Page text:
A conversation on what it means to be mixed race

New Day Northwest
KING TV 5
Seattle, Washington
2016-03-30

Margaret Larson, Host

The last Census report taken in 2010 showed that the population identifying themselves as multi-racial grew by 32% over the census in 2000.

One local author is raising awareness with a new book called ‘Raising Mixed Race: Multiracial Asian Children In a Post-Racial World‘.

Sharon Chang visited New Day NW to talk about what it means to be mixed race in our current culture.

To learn more about Sharon or buy her book, visit her blog.

Watch the interview here.

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Pao: A Novel

Posted in Asian Diaspora, Books, Caribbean/Latin America, Media Archive, Novels on 2016-03-30 01:25Z by Steven

Pao: A Novel

Bloomsbury Publishing
2011-07-12
288 pages
5 1/2″ x 8 1/4″
Paperback ISBN: 9781608195077
EPUB eBook ISBN: 9781608196845

Kerry Young

As a young boy, Pao comes to Jamaica in the wake of the Chinese civil war and rises to become the Godfather of Kingston’s bustling Chinatown. Pao needs to take care of some dirty business, but he is no Don Corleone. The rackets he runs are small time and the protection he provides necessary, given the minority status of the Chinese in Jamaica. Pao, in fact, is a sensitive guy in a wise guy role that doesn’t quite fit. Often mystified by all that he must take care of, Pao invariably turns to Sun Tsu’s Art of War. The juxtaposition of the weighty, aphoristic words of the ancient Chinese sage, and the tricky criminal and romantic predicaments Pao must negotiate goes far toward explaining the novel’s great charm.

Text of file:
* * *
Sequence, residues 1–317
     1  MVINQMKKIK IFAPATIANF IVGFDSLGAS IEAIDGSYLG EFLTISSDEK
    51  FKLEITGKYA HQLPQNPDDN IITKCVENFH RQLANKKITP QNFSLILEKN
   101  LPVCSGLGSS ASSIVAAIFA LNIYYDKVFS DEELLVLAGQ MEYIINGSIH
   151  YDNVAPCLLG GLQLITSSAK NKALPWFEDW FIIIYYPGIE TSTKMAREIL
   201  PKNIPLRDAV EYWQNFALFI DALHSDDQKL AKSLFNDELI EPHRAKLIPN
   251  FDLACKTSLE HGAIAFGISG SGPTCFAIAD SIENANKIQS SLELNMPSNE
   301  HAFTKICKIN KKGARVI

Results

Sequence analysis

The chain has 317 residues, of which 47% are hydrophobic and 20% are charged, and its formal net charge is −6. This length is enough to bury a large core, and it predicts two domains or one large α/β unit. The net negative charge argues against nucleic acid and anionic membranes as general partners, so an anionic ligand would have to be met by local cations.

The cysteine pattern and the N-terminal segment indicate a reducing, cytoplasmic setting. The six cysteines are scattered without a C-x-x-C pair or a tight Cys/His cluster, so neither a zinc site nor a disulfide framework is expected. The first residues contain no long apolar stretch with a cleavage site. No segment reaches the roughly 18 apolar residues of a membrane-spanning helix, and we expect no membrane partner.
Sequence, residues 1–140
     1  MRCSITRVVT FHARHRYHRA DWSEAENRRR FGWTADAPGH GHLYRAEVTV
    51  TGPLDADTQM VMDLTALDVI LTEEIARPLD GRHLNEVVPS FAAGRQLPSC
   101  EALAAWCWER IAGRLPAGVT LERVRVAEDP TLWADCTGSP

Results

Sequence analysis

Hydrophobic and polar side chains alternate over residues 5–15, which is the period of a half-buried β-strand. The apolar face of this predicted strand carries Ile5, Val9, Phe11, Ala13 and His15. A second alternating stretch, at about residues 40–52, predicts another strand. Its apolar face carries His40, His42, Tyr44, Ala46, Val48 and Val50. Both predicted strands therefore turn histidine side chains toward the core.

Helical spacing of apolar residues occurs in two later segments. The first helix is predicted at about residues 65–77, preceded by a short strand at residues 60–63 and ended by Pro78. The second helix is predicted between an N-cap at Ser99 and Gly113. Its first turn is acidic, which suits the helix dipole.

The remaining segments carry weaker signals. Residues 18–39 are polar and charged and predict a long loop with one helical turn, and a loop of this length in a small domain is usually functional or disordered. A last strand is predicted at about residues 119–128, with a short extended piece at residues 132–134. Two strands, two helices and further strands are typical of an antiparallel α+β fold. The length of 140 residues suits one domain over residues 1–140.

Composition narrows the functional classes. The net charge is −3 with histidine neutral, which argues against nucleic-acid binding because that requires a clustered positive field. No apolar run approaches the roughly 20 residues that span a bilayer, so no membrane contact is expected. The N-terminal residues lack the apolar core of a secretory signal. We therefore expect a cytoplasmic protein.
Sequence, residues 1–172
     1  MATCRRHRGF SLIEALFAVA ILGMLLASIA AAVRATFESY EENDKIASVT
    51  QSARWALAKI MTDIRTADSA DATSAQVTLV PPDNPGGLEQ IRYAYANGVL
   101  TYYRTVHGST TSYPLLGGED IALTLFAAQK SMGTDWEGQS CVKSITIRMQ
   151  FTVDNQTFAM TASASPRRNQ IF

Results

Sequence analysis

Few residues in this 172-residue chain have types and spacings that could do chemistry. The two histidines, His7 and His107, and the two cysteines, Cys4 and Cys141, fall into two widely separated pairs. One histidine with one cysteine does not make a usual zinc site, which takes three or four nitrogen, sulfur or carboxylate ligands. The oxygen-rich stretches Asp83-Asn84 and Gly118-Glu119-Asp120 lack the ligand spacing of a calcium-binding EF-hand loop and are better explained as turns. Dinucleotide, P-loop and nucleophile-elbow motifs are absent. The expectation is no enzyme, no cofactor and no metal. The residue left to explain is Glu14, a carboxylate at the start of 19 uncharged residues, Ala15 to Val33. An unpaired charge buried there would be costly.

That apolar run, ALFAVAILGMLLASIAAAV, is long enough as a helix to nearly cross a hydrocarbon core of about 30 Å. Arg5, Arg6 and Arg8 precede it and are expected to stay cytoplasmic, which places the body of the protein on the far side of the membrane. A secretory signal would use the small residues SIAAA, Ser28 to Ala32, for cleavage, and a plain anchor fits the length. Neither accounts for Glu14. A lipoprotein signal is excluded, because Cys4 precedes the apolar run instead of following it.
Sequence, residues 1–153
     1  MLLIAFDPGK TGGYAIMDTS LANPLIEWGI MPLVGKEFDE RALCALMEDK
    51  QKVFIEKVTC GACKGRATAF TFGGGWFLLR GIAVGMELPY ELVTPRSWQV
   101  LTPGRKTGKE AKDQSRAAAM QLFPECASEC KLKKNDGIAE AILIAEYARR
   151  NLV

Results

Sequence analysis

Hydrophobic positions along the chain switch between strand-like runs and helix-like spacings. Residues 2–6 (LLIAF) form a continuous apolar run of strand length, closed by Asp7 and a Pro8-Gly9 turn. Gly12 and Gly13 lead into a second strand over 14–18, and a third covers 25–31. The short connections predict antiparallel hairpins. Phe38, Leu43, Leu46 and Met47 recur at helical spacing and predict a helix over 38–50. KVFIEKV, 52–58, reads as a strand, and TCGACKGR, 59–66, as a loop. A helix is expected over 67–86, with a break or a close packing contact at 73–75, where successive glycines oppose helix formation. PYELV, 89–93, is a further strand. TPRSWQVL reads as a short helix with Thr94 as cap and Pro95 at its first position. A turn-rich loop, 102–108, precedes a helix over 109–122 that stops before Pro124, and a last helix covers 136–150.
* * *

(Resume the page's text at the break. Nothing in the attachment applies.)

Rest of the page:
A tale of post-colonial Jamaica from a unique and politically potent perspective, Pao moves from the last days of British rule through periods of unrest at social and economic inequality, though tides of change that will bring Rastafarianism and the Back to Africa Movement. Jamaica is transforming: And what is the place of a Chinese man in this new order? Pao is an utterly beguiling, unforgettable novel of race, class and creed, love and ambition, and a country in the throes of tumultuous change.

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Understanding and Hearing the Afro-Asian Atlantic

Posted in Africa, Asian Diaspora, Caribbean/Latin America, Literary/Artistic Criticism, Media Archive, United States, Videos on 2016-03-28 01:24Z by Steven

Understanding and Hearing the Afro-Asian Atlantic

Princeton University African American Studies
2016-03-21

Presenters: Tao Leigh Goffe, Kerry Young, Hannah Lowe, Randy Chin, and John Kuo Wei Tchen

A panel exploring the intersections of literature, reggae, and the relationships between the minority Chinese community in the Caribbean and the majority Afro-Caribbean community